of the original scenario:

- Randomly select a draw
`j`

of the default scenario. - In each period
`t`

(beginning in period 1), determine whether to switch to the original scenario with probability`probs_enter[t]`

. If remaining in the default scenario, use the period`t`

forecasted values of the`j`

th default scenario draw. - Suppose the last period in the default scenario is
`t0`

. Then for each subsequent period`t0 + h`

, decide whether to revert to the default scenario with probability`probs_exit[t0 + h]`

. If remaining in the original scenario, use the period`h`

(not`t0 + h`

) forecasted values of the`i`

th original scenario draw. - Let
`t1`

be the last period in the original scenario. Then for each remaining period`t1 + h`

, use the period`t1 + h`

forecasted values of the`j`

th default scenario draw.

`simulate_switching`

saves simulated draws in the same format as `forecast_scenario`

. Transforming and computing means and bands for `SwitchingScenario`

s using `scenario_means_bands`

is the same as for regular `Scenario`

s.

## Aggregating Multiple Scenarios

Finally, we are sometimes interested in aggregating the forecast draws from multiple scenarios. We define the `ScenarioAggregate`

type, which has the following fields:

`key::Symbol`

`description::String`

`scenarios::Vector{AbstractScenario}`

: vector of component scenarios,**some of which might be themselves**`ScenarioAggregates`

`sample::Bool`

: indicates whether to`proportions::Vector{Float64}`

: vector of relative scenario proportions`total_draws::Int`

: desired final number of draws`replace::Bool`

: indicates whether to sample with replacement`vintage::String`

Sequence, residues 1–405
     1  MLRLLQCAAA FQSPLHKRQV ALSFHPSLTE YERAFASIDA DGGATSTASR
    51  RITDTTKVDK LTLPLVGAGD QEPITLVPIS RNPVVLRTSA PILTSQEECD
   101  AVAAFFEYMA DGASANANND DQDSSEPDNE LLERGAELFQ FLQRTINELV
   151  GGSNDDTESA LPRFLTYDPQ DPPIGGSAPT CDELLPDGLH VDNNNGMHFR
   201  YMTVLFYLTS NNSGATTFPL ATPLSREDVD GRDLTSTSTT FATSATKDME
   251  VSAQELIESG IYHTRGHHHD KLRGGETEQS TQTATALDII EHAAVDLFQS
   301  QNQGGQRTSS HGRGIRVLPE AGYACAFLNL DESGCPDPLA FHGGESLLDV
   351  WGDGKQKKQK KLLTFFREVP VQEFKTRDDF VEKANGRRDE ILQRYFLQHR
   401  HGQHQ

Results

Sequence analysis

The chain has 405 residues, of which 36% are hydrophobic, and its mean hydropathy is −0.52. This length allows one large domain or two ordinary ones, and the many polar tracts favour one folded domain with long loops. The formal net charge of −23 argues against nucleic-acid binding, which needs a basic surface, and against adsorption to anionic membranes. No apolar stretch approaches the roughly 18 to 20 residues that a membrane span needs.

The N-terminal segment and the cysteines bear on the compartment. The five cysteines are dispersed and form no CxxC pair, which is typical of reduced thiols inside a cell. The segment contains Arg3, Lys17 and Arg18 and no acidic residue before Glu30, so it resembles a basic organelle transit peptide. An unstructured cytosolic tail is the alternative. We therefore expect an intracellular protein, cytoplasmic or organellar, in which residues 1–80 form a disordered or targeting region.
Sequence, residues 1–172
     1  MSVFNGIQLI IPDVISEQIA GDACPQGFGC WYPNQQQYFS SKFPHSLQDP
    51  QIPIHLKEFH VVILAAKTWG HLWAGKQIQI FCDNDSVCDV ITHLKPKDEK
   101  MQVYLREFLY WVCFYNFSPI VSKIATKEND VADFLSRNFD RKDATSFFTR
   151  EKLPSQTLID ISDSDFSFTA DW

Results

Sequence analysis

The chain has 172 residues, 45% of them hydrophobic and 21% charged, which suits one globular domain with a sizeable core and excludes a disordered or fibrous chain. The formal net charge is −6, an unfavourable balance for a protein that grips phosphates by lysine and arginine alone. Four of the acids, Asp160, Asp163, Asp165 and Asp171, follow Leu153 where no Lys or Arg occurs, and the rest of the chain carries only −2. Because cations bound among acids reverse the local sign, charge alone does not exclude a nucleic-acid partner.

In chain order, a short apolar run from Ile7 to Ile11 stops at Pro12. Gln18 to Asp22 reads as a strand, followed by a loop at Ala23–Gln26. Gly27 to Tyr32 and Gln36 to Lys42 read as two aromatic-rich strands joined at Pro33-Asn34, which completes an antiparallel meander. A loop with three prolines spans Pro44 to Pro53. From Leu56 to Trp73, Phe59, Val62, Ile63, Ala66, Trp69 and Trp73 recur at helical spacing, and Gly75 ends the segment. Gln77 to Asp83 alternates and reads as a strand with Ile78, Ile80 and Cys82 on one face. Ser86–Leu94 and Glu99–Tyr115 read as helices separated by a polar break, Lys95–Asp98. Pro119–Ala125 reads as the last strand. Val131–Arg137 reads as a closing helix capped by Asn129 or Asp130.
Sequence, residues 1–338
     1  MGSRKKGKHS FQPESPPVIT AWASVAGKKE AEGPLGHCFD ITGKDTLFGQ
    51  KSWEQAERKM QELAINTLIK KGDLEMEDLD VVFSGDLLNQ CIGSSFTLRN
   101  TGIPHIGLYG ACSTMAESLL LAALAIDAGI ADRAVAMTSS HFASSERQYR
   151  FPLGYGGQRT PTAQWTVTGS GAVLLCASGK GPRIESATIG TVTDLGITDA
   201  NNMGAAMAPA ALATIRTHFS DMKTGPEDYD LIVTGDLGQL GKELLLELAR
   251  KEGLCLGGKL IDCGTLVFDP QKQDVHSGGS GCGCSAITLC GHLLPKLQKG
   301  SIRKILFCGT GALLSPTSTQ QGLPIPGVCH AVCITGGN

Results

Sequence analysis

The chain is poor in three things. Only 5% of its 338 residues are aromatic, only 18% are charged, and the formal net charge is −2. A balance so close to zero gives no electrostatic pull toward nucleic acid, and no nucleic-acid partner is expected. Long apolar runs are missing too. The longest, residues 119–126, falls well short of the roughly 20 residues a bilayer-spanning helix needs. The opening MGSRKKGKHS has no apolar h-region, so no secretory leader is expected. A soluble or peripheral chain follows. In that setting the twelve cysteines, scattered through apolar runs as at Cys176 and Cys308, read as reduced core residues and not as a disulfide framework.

In addition to the default constructor, there are two more `ScenarioAggregate`

constructors, corresponding to the two possible values of `sample`

. The key, description, vector of component scenarios, and vintage are always specified.

`sample = false`

: No additional fields are required for this constructor, as the component scenario draws are kept in their original proportions. The`proportions`

and`total_draws`

fields are initialized to dummy values and are updated when the component draws are read in.`replace`

is set to false.`sample = true`

: Additionally specify`proportions`

,`total_draws`

, and`replace`

. Draws from`scenarios[i]`

are sampled into the aggregate distribution with probability`proportions[i]`

`SingleScenario`

and `ScenarioAggregate`

are both subtypes of the abstract type `AbstractScenario`

. The actual sampling and aggregating of scenario draws happens entirely in `scenario_means_bands`

, which calls functions that dispatch on the `AbstractScenario`

subtype passed in. In particular, this means that we don't save a separate "raw" output file with the individual draws that made it into a particular `ScenarioAggregate`

– we only save the resulting `MeansBands`

.